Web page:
Stepping out of the car in the town of Edgefield is like stepping back in time to a black and white town, the anti-Wizard of Oz dream sequence where everything including the yellow brick road turns from black and white to color. Here in Edgefield, the Mayberry-nostalgic feel belies the color and charm you’ll find like the music playing in the town square (did they know we were coming or what!) and folks on the street asking us where y’all from? It’s a warm, lively, and friendly place for sure, with oversized painted turkeys on just about every corner to honor the town, their traditions, and nearby Alma Maters like Clemson University.

South Carolina is known for having three unique folk-art traditions: sweetgrass basketry, Catawba pottery like we saw in the Olde English District, and Edgefield pottery. If you love local art and pottery, your first stop in town should be the well-known Old Edgefield Pottery, where local artist and master potter Justin Guy creates works of art in the centuries old tradition. For more than 200 years, the Edgefield area of South Carolina has been known for producing a unique type of pottery called "stoneware." Strong and non-porous, stoneware is usually glazed and fired in a kiln at very high temperatures. Justin uses a blend of blue clay from Savannah, Kaolin clay from China, and the iron rich clay from Edgefield area. Visit his studio and museum and see if you can tell the difference between his original work and the antique pots he has on display.


Back on the square and right on the corner, stop for lunch at the Park Row Market No. 1, which looks like an old general store inside. They make a very good panini! Several other restaurants in town get high marks like Nonna’s Italian Kitchen, Chef Bob’s Cafe, Patriots’ Smokehouse, and The Old Edgefield Grill, though some are just open for dinner. Also on the square is a place for beer, wine, & spirits lovers — the Carolina Moon Distillery — a fun place to try locally distilled rum, vodka, gin, and moonshine. And since you’re in the land of peaches, you know what that means — peach moonshine (reminds me of my days with Moonshiner Chuck Miller in his test kitchen). But that’s not all that’s peachy. Their light and flavorful Peach Rum is fantastic! They also produce an aged whiskey (moonshine aged in bourbon barrels) and a 192-proof single barrel aged bourbon that’s super smooth. More than several tastings later (and bottles purchased), we left with a spring in our step.

Just down the road from the town of Edgefield is the National Wild Turkey Federation — no, not Wild Turkey as in our distillery tasting above, sorry. Rather, this non-profit organization is the world headquarters for the conservation of the American wild turkey. This isn’t just an interesting place to visit, we think there’s an educational value that’s even better. You’ll learn all you ever needed to know about the beautiful, if awkward, turkeys native to North America. But more importantly, the NWTF is also dedicated to the preservation of America’s hunting heritage — a heritage that in my opinion is getting somewhat muddled among all the political misinformation of our day. Their mission isn’t about guns (for or against), nor are they making a political statement. They help restore and manage North America's population of more than 7 million wild turkeys, improve habitat on public, private and corporate lands, and help people learn to understand the importance of wildlife management and appreciate hunting as an honorable pursuit. If you’re a hunter or looking to learn more about it, take a self-guided stroll through the museum or wait for a guided tour. They’re only open during the week, so call ahead to plan your visit.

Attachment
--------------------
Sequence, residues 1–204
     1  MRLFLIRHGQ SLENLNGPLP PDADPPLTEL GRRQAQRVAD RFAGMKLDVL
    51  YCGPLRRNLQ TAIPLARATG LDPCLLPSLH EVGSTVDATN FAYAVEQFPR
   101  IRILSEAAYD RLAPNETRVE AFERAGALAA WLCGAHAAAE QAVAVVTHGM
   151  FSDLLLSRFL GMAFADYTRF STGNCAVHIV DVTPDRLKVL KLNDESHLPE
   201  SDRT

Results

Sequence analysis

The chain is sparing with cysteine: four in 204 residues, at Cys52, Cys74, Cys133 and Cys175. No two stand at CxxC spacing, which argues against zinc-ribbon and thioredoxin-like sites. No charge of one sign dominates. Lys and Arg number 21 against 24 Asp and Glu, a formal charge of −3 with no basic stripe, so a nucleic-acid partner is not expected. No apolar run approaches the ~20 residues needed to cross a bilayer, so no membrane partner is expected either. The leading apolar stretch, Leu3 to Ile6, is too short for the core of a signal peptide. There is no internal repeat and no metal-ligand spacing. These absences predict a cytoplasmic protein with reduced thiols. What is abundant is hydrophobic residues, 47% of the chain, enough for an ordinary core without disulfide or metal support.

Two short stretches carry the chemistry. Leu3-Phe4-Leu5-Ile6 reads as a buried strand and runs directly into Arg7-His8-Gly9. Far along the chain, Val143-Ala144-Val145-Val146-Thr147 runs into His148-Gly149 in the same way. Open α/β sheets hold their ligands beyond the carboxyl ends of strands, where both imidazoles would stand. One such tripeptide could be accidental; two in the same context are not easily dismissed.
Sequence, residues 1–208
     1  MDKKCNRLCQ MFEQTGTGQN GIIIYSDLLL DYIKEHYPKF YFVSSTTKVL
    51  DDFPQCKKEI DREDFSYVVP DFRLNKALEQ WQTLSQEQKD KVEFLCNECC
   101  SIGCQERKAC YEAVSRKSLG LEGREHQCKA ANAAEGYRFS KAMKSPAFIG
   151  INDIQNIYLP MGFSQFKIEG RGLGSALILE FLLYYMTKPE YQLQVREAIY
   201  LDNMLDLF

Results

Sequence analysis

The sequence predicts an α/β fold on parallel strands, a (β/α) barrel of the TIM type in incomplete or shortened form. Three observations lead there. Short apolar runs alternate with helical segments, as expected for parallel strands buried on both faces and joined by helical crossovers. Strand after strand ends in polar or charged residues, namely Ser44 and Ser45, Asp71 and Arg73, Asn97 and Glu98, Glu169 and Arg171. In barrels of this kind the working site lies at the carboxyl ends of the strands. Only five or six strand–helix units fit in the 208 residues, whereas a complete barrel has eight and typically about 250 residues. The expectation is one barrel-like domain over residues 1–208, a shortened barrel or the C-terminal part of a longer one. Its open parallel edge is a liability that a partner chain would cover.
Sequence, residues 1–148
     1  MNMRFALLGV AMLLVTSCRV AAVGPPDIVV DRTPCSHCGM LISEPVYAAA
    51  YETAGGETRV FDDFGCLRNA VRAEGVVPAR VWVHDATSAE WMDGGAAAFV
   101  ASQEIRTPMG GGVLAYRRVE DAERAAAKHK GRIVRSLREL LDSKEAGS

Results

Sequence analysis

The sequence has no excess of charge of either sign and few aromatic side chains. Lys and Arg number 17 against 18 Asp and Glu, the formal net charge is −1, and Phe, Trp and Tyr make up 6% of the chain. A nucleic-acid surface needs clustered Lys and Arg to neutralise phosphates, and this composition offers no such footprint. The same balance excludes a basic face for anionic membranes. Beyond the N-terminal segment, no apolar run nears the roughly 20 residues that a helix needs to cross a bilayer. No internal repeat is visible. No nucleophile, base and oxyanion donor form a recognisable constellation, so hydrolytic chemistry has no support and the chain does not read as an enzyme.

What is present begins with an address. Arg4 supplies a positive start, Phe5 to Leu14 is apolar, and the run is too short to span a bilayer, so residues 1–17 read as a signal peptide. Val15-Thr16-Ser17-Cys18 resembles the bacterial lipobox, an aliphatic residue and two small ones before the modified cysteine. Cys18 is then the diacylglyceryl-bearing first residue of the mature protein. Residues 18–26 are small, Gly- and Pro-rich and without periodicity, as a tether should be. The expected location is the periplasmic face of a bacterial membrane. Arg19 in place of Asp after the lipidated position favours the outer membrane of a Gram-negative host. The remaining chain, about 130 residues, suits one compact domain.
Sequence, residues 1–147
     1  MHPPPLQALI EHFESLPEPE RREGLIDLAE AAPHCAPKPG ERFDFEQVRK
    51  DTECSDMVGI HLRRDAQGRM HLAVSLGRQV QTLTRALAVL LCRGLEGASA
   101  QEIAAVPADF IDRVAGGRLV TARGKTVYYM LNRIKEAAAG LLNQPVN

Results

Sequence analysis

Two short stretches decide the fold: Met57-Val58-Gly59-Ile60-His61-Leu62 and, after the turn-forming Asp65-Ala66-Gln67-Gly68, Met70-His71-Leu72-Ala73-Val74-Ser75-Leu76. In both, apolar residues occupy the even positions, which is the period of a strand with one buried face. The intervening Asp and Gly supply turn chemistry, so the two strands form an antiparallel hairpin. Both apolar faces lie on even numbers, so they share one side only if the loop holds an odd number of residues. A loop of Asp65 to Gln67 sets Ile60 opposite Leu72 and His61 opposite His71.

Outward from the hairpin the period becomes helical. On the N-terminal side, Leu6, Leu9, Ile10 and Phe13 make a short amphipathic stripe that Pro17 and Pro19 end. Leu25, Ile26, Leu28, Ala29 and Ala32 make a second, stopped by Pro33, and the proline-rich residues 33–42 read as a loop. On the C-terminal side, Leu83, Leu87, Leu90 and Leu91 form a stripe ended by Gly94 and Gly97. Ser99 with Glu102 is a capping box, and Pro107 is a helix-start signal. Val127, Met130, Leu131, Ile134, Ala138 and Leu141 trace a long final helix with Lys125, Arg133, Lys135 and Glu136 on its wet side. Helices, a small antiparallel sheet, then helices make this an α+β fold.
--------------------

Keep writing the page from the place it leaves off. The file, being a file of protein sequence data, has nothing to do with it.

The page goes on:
When you’re done exploring for the afternoon, stop at Cook’s Farm Stand on your way out of town for a basket of the juiciest local produce around. Summertime is peach season, and these ginormous peaches were so sweet and delicious! They also sell homemade jams, jellies, and other locally grown farm produce.


Greenwood is the largest town in the Old 96 District, with so much history, art, and culture to explore. You’ll never be at a loss for great restaurants and if you time your visit around one of their many seasonal festivals, you can try even more of the great food all in one place. We happened to visit during their award-winning Festival of Discovery — BBQ & Blues — when the town of Greenwood closes its streets and makes way for food vendors, live music performances, and one of the biggest Kansas City Barbeque Society (KCBS) sanctioned competitive cook-offs in the country! Holy cow, if you love BBQ… well, then I’m sure you already know about Greenwood. But if you’ve never been here, your piggy is waiting! And you must go :-). I can’t remember having as much fun, and it didn’t hurt that we were asked to help judge a portion of the food competition too. Yum!

Where else should you eat in Greenwood if you’re not here during the BBQ & Blues festival? The Mill House Brick Oven Pizza (and Good Times Brewing) is a great place for pizza and beer. The menu offers pizza, sandwiches, pastas, salads, and wraps, but their individual Margherita and Fungus Amungus pizzas were insane — and their craft beer is really good.

Greenwood has a thriving farm-to-table scene with places like the Uptown Market offering seasonal produce and a chance to talk with the local farmers and producers about their farm-fresh businesses. You’ll also find some pretty cool shopping in downtown Greenwood at the Vintage Vault Marketplace, Fig, and Main & Maxwell for really cool hand-crafted art, pottery, and jewelry